# CAVITY RINGDOWN SPECTROSCOPY OF JET-COOLED TRANSIENT SPECIES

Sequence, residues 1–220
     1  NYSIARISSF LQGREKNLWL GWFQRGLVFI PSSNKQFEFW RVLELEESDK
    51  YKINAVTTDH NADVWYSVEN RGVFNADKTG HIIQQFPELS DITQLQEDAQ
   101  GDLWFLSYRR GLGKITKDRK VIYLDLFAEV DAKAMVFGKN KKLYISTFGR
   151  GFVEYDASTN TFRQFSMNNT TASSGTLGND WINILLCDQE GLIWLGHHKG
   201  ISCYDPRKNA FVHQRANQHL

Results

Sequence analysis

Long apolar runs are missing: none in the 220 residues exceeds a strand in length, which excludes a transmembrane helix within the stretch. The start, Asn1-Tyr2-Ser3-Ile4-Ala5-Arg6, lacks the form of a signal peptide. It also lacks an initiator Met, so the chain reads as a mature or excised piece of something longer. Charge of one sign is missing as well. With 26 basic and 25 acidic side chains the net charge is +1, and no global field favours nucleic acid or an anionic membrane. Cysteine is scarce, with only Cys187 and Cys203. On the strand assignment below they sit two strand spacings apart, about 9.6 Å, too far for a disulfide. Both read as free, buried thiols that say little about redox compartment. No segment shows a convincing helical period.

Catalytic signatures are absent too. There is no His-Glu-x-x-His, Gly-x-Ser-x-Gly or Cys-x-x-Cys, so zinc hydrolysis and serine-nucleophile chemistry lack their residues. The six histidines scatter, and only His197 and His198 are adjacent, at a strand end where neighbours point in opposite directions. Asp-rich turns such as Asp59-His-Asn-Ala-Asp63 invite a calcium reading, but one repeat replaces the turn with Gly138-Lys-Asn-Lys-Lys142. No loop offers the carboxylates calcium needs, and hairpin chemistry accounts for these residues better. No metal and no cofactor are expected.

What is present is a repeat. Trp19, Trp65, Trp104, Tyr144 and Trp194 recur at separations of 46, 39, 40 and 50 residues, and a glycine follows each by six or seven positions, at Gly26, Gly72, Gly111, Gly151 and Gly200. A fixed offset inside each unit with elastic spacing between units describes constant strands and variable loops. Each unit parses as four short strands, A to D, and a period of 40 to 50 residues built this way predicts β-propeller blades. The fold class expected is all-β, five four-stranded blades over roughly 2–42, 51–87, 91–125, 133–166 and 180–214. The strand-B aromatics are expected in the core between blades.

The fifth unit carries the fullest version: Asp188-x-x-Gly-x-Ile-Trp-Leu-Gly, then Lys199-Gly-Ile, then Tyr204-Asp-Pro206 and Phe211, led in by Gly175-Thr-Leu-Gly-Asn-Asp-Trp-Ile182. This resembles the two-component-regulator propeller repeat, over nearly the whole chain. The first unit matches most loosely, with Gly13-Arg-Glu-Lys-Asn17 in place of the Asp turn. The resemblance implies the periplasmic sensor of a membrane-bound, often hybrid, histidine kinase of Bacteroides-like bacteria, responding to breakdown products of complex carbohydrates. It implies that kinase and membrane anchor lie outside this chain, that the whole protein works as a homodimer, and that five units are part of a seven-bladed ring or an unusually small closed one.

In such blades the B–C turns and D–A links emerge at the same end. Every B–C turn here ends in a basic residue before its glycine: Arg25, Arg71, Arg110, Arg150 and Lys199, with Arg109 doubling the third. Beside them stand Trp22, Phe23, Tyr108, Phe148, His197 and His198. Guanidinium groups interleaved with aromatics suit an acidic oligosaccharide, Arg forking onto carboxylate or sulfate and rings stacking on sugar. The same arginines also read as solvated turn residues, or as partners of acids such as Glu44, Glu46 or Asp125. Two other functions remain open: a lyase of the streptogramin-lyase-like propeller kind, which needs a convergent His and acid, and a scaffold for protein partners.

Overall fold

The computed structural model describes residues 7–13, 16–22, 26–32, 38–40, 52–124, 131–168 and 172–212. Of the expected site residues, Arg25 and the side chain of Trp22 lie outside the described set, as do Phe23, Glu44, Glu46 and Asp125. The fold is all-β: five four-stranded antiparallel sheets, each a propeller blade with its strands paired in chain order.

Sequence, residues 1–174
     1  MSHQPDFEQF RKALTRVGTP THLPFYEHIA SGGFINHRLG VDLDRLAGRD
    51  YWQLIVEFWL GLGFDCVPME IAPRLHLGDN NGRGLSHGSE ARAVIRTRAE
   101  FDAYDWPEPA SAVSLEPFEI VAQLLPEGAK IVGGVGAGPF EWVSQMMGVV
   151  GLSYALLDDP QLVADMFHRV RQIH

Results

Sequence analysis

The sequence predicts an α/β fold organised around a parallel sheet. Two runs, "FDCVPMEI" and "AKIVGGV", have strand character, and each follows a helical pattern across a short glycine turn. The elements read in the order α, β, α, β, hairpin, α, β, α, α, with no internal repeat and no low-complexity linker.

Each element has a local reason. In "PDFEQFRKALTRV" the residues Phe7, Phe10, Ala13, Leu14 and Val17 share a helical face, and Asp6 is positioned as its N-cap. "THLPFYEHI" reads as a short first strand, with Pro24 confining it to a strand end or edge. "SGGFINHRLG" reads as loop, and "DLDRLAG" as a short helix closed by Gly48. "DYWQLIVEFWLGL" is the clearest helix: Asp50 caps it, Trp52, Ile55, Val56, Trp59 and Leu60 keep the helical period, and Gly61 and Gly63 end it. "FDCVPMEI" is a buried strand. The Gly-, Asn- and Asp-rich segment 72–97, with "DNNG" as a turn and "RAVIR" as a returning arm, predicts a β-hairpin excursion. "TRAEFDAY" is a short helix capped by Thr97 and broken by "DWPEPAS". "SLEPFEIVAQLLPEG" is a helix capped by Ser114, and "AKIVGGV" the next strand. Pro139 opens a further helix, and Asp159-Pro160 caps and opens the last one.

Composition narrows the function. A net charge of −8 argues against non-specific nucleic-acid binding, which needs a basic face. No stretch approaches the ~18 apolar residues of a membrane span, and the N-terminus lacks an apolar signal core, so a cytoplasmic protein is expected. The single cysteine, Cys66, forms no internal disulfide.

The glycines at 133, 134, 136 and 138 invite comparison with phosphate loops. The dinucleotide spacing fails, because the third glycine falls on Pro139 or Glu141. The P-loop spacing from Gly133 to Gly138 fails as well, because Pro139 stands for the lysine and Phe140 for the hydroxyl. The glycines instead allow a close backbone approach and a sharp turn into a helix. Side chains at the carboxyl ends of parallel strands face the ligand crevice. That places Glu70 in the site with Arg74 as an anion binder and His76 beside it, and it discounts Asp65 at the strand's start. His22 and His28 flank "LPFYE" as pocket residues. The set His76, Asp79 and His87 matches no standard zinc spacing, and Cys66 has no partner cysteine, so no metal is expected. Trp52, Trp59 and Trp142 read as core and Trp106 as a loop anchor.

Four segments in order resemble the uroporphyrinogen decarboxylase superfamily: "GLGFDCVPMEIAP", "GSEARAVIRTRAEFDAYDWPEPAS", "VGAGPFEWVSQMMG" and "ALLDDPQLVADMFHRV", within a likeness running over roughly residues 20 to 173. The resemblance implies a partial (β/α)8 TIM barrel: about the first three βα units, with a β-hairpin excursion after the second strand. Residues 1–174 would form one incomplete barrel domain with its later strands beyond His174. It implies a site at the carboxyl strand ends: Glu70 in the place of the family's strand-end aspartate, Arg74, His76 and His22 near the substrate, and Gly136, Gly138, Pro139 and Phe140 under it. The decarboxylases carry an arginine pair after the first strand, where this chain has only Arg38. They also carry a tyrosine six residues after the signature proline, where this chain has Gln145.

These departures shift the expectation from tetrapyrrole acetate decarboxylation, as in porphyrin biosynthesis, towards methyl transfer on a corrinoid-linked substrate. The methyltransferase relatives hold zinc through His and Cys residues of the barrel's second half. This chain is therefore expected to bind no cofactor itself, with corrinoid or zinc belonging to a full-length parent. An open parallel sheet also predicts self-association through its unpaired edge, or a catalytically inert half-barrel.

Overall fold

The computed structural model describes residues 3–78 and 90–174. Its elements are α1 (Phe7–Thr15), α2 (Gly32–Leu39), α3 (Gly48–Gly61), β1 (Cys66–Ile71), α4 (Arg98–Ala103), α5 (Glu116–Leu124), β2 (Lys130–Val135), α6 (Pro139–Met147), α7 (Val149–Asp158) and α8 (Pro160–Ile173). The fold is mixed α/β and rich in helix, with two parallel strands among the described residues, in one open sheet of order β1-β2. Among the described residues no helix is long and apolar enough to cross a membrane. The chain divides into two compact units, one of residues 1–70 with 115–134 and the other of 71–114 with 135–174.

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 Title: CAVITY RINGDOWN SPECTROSCOPY OF JET-COOLED TRANSIENT SPECIES Creators: Bezant, Andrew J.; Zalyubovsky, Sergey J.; Miller, Terry A. Issue Date: 1999 Publisher: Ohio State University Abstract: This talk will describe a cavity ringdown spectrometer (CRDS) developed for the study of jet-cooled transient species. To date CRDS has been used in a variety of applications, from the study of weak overtone transitions of stable $molecules^{a}$ to the in-situ study of transient species in $flames^{b}$. However, the majority of studies have been performed in either static or continous flow systems, yielding relatively high-temperature spectra. Use of CRDS with jet-cooled sources, so far, has been limited to a few species, e.g. metal-containing $clusters^{c}$, and carbon $radicals^{d}$. These jet experiments, which use electrical discharge and laser ablation sources, have been performed in the regime where the radical sample duration is on a similar, or longer, time scale to that of the ringdown decay. Sample duration for photochemically produced transient species in jets is generally much shorter, i.e. $1-3 \mu$s, than the best presently obtainable ringdown times ($>100 \mu$s); nevertheless the possibility of observing absorptions from a photochemical source of jet-cooled radicals would allow access to a number of species that might be denied to other production methods. To this end we have recorded the absorption spectrum of the $A^{2}E_{1/2} - X^{2}A_{1}$ electronic transition of the cadmium monomethyl radical $(CdCH_{3})$ from both an electrical discharge source (favorable time scale) and laser photolysis (mismatched time scale). We will show that even though the laser photolysis source is much shorter than the ringdown decay it is still possible to obtain good absorption spectra. Description: $^{a}$ Romanini D.; and Lehmann K.K., J. Chem. Phys., 1993, 9. 6287. $^{b}$ Scberer J.J.; and Rakestraw D.J., Chem. Phys. Lett., 1997, 265, 169 $^{c}$ Scherer J.J.; Paul J.B.; Collier C.P.; and Saykally R.J., J. Chem. Phys., 1995, 102. 5190. $^{d}$ Linnartz H.; Motylewski T.; and Maier J.P. J. Chem. Phys., 1998, 108, 3819. Author Institution: Laser Spectroscopy Facility, Department of Chemistry, The Ohio State University URI: http://hdl.handle.net/1811/19590 Other Identifiers: 1999-WI-11